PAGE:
The Govt’s Bill To Amend The Constitutional Referendum Act Does Not Address The Public’s Demands On The Issue Of Legalised Gambling

Wednesday, the Government tabled a Bill that is a total waste of time in the context of dealing with what the Bahamian people are now demanding for on the issue of gambling – which is to deal with all matters related to gaming for Bahamians inclusive of the discriminatory clause in the Constitution that permits the Parliament to block the gaming rights of Bahamians.

Instead of simply going ahead, putting in the necessary research and work and then holding a full and proper referendum, the Government tabled a Bill to Amend the Constitutional Referendum Act to allow the Government of The Bahamas to have an opinion poll instead of a Constitutional referendum on matters if it so chooses. So in essence, the Government has done nothing new other than to announce a delay in the vote and say it will put a lottery on the ballot of next year’s opinion poll that it is still determined to hold instead of holding a full referendum.

- The Government still does not want to amend the Constitution to give Bahamians equal gaming rights.

- The Government still does not intend to first draft legislation for numbers houses and a lottery that we can look at, review and give input on before the January 28 vote. So therefore, it still will not be providing the critical information on potential gaming regulations that the Bahamian people are demanding, because that information has to come in the form of proposed legislation. No legislation equals no information. So the Government is not even attempting to meet the public’s biggest demand – the actual information on how the legalising of numbers houses and a national lottery will be implemented and regulated.

- The Government still did not present a Bill to amend the Lotteries and Gaming Act to make all gaming for Bahamians that is now illegal, legal (which it already currently has the full constitutional and legal right to do without a public poll needing to be held at all). Therefore there will be no House and Senate debate on the actual implementation of a lottery or the legalising of numbers houses, because the Amendment Bill Parliament will be debating has nothing at all to do with gaming – the Bill presented is exclusively about the types of polls the Bahamas Government can hold at any time – it is only to give the Government the ability to hold an opinion poll instead of a constitutional referendum on any issue if it so desires. This Amendment Bill is not a gambling bill and by itself, is not legislatively connected at all to the separate issue of legalising certain forms of gaming for Bahamians. The Bill that covers gambling for us is the Lotteries and Gaming Act, not the Constitutional Referendum Amendment Bill presented Wednesday. The Bill presented Wednesday is not needed at all to amend the Lotteries and Gaming Act.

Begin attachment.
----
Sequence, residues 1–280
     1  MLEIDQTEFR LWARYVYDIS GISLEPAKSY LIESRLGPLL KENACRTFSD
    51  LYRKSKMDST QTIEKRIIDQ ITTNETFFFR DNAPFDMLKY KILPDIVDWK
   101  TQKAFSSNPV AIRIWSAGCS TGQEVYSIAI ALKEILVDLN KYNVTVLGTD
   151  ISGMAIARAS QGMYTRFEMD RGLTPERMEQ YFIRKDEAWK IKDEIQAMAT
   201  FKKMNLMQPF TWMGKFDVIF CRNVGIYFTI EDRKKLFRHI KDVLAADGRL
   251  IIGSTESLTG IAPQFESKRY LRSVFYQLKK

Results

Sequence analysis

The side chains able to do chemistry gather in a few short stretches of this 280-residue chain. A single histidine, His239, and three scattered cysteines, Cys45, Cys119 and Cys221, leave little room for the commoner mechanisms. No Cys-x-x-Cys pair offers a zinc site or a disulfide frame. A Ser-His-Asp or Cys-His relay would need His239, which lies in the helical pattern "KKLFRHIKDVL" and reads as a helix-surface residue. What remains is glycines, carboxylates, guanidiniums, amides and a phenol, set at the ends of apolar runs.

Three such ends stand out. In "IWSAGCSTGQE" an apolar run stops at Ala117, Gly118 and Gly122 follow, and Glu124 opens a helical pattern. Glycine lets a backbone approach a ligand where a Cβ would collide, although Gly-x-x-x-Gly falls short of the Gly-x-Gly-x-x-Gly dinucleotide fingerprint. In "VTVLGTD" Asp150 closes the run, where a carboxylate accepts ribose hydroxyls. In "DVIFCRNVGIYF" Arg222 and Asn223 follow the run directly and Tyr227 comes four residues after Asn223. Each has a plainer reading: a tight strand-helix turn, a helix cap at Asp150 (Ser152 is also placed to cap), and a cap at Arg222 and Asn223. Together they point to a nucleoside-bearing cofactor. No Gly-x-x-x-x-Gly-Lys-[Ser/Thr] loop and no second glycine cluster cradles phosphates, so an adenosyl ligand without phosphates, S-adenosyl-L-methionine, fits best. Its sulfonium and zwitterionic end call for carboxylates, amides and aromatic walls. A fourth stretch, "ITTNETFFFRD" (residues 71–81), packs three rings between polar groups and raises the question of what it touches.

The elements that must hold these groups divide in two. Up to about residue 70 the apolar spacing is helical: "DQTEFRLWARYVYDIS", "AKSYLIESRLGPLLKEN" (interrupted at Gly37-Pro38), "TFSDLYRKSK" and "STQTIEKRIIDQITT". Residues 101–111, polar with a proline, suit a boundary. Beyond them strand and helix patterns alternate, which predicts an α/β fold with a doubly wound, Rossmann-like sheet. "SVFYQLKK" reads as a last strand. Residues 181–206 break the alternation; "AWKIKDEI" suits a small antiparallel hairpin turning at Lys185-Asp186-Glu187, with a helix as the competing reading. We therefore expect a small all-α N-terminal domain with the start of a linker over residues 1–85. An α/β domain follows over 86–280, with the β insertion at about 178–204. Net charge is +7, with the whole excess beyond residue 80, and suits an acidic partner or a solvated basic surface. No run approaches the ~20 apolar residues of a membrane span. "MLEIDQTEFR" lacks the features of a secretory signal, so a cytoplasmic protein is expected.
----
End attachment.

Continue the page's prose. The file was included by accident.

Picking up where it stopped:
- The Government still wants Bahamians to get arrested and charged according to the law if they gamble in casinos or own casinos of their own, because it will not be amending the Lotteries and Gaming Act to allow Bahamians to gamble in the country’s casinos.

The Prime Minister has a 30-seat majority in Parliament so theoretically, any Bill he brings to Parliament will pass. Therefore, why is the Prime Minister doing everything he can to run away from holding a constitutional referendum?

No Government that holds 30 of 38 seats in a Parliament should have a theoretically logical reason to fear that anything it proposes by way of legislation will be voted down in Parliament.

So while the vote has been delayed, the key things the Bahamian people have asked for have not been addressed at all.

Incidentally, it is glaringly curious that the Prime Minister does not want to amend the Constitution on this matter that is of widespread national focus, but he has assembled a committee to review other potential amendments to the Constitution – some of which the Bahamian people have never asked for and know nothing about.

If the Prime Minister has a committee reviewing something as major as whether we should change our entire system of government and become a Republic instead of a Parliamentary Democracy, and on whether we should no longer have the Privy Council as our final court of appeal, why is he determined to avoid the lesser move of removing a clause from the Constitution that allows Bahamians to be discriminated against in their own country?